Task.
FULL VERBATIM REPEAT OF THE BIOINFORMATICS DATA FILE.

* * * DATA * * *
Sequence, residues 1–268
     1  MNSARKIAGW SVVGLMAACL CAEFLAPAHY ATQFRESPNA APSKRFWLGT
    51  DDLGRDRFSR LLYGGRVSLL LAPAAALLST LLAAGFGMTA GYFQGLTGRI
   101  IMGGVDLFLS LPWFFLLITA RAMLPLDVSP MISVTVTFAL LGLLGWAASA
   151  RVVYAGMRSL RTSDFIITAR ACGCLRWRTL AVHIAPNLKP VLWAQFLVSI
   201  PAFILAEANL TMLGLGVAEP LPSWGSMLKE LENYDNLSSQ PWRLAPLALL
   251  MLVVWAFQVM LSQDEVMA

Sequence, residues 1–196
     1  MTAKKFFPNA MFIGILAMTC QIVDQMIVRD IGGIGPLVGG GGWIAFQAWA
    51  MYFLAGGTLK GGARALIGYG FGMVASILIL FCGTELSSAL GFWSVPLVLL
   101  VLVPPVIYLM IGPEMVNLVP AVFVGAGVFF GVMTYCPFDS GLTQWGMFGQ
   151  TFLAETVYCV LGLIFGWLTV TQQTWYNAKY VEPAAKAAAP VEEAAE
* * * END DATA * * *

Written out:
Sequence, residues 1–268
     1  MNSARKIAGW SVVGLMAACL CAEFLAPAHY ATQFRESPNA APSKRFWLGT
    51  DDLGRDRFSR LLYGGRVSLL LAPAAALLST LLAAGFGMTA GYFQGLTGRI
   101  IMGGVDLFLS LPWFFLLITA RAMLPLDVSP MISVTVTFAL LGLLGWAASA
   151  RVVYAGMRSL RTSDFIITAR ACGCLRWRTL AVHIAPNLKP VLWAQFLVSI
   201  PAFILAEANL TMLGLGVAEP LPSWGSMLKE LENYDNLSSQ PWRLAPLALL
   251  MLVVWAFQVM LSQDEVMA

Sequence, residues 1–196
     1  MTAKKFFPNA MFIGILAMTC QIVDQMIVRD IGGIGPLVGG GGWIAFQAWA
    51  MYFLAGGTLK GGARALIGYG FGMVASILIL FCGTELSSAL GFWSVPLVLL
   101  VLVPPVIYLM IGPEMVNLVP AVFVGAGVFF GVMTYCPFDS GLTQWGMFGQ
   151  TFLAETVYCV LGLIFGWLTV TQQTWYNAKY VEPAAKAAAP VEEAAE